False eyelashes was first invented by the American film director D.W Giffith while he was making his 1916 epic, “intolerance”. Griffith wanted actress Seena Owen to have lashes that graced her cheeks, to make her eyes shines larger than life in a white and black film (Amano &Nishiwaki, 2012). A wigmaker wove human hair through fine guaze, which was then gummed to Owen eyelids. Since 1916, there have been plenty of leading ladies and celebrities who used false eyelashes. At first, false eyelashes were made of fringe. This is how false eyelashes history started. Fringe eyelashes were carefully attached to thread and by the means of glue this pattern was affixed to the eyelids. Obviously, these eyelashes failed to look natural; besides, the procedure was rather expensive, only famous people could afford it. Moreover, artificial eyelashes were not very noticeable. Years went by, new tendencies in false eyelashes were not that popular and it was supposed to fade out soon. However around 1950 the procedure became popular again after invention of plastic materials for lashes Sugimoto &sugita 2013) Applying false eyelashes by means of synthetics was promoted and film stars could not resist the burning desire to catch the audience´s attention by their magnificent eyelashes. False lashes become most popular in the 60s and then declined again. But in the late 2000s, with advancement in the material production, women have again begun to wear eyelashes more regularly to fill in or give the look of the fuller lashes. Models have often worn them, though, especially for photo shoots, to uphold certain standard of femininity that appeal to the fashion industry. Not everyone has thick, luscious lashes, but by adding false ones with exceptional care, everyone can look glamorous. People who have lost lash hair due to illness may also use false eyelashes. In 2006, Japan introduced lash by lash technique (individual small lashes). Each false lash was attached to each natural lash which looked at most naturally. The fringe was replaced by a material that looked like sable and mink´s fur. The lashes by lash has become extremely popular nowadays.
HISTORY OF MASCARA
Mascara is one of the most ancient cosmetics known, having been used in Egypt possibly as early as 4000B.C. Mascara has been applied since biblical times and today is the most commonly used eye cosmetic. The original mascara worn by women of ancient civilization was kohl, based on antimony trisulfide (Draelos, 2008). Egyptians kohl was probably made of galena or lead sulfite, malachite and charcoal or soot. The Babylonaians and ancient Greeks also used black eye comestics, as did the later Romans. Cosmetics of all sorts fell out of use in Europe after the fall of Rome, though eye cosmetics continue to be important in the Arab world (Antoet al., 2009). The use of cosmetics was revived in Europe during the Renaissance. Early mascara from the modern era usually took the form of a pressed cake. It was applied to the lashes with a wetted brush. The ingredients typically were 50% soap and 50% black pigment. The pigment was sifted and combined with soap chips, run through a mill several times, and then pressed into cakes. A variation on this was cream mascara, a lotion –like substance that was packaged in a tube. To apply it, the user would squeeze a small amount of mascara out of the tube onto a small brush (Draelos, 2008). This was a messy process that was much improved with the intervention in the 1960s of the mascara applicator. This patented device was a grooved application rod that picked up a consistent amount of mascara when pulled from the bottle. The groove rod was replaced with a brush. This new case of application may have contributed to the increased popularity of mascara in the late 1960s. The purpose of modern mascara formulation is to darken, lengthen and thicken the lashes.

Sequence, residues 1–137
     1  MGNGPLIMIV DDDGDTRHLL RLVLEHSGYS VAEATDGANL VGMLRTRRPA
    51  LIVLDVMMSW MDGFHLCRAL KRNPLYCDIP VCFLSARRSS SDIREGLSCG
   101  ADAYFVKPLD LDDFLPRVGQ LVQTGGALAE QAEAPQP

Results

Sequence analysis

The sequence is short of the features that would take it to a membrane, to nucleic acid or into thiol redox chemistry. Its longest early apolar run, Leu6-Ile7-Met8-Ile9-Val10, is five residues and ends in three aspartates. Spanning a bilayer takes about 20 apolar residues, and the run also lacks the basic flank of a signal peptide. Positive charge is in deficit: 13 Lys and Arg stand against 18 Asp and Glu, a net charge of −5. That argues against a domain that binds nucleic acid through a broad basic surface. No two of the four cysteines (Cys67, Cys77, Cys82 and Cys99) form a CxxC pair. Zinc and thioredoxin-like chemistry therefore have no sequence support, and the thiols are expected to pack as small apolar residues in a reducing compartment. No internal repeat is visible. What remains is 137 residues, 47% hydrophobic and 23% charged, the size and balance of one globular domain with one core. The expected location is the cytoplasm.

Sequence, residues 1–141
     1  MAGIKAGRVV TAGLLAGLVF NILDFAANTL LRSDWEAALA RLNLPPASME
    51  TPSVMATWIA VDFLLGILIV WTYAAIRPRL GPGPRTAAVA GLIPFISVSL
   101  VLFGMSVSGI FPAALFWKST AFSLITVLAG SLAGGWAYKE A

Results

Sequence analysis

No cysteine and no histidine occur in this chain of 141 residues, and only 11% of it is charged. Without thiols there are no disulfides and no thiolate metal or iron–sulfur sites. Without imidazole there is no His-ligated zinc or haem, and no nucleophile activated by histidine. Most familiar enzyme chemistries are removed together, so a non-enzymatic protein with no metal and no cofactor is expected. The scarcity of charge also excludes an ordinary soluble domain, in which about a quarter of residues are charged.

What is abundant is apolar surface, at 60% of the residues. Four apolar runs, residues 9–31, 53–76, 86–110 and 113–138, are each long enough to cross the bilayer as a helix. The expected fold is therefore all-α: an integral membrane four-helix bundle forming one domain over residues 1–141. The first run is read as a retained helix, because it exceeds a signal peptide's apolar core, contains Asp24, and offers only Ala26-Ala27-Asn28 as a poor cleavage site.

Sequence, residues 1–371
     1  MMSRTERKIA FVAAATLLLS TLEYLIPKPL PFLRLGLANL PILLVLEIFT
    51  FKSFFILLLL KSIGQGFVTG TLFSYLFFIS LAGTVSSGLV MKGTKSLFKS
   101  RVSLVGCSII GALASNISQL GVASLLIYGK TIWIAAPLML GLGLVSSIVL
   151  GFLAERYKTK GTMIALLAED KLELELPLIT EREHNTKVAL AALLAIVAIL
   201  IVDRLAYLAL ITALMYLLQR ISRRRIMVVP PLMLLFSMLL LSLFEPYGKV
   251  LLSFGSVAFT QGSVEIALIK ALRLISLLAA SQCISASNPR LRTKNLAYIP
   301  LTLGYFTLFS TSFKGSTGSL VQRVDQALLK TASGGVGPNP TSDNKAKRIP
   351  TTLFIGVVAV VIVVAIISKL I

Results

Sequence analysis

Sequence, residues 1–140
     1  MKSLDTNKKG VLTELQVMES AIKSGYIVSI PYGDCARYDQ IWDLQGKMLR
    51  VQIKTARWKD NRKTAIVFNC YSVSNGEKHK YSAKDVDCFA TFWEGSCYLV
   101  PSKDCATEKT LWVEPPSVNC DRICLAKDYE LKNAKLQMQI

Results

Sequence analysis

OCULAR CONDITION ASSOCIATED WITH EYELASH EXTENSIONS AND MASCARA.
Eyelash extension and mascara are found to be associated with numerous ocular conditions; including keratoconjunctivitis, allergic blepharitis, conjunctival erosion, subconjunctivalhaemorrhage and traction alopecia.
Keratoconjunctivitis is the inflammation of the cornea and conjunctiva. Keratoconjunctivitis usually presents ocular itching and irritation, and conjunctival hyperemia (redness) affecting prediominantly the lower region of the ocular surface. Eyelashes may give rise to keratoconjunctivitis by three mechanisms. The glue used for attaching the lashes which contain formaldehyde may directly invade the eyes during the procedure. It may also arise from indirect invasion hours after the procedure, when the glue dissolve as the patient washes her face, or when the glue is vaporised by body temperature, humidity or by the tear film . Conjunctival hyperemia in the lower region is attributed to the downward flow of lacrimal fluid from the gland to the lacrimal punta, and the specific gravity of formaldehyde being greater than that the lacrimal fluid (Lau &Riedi 2017).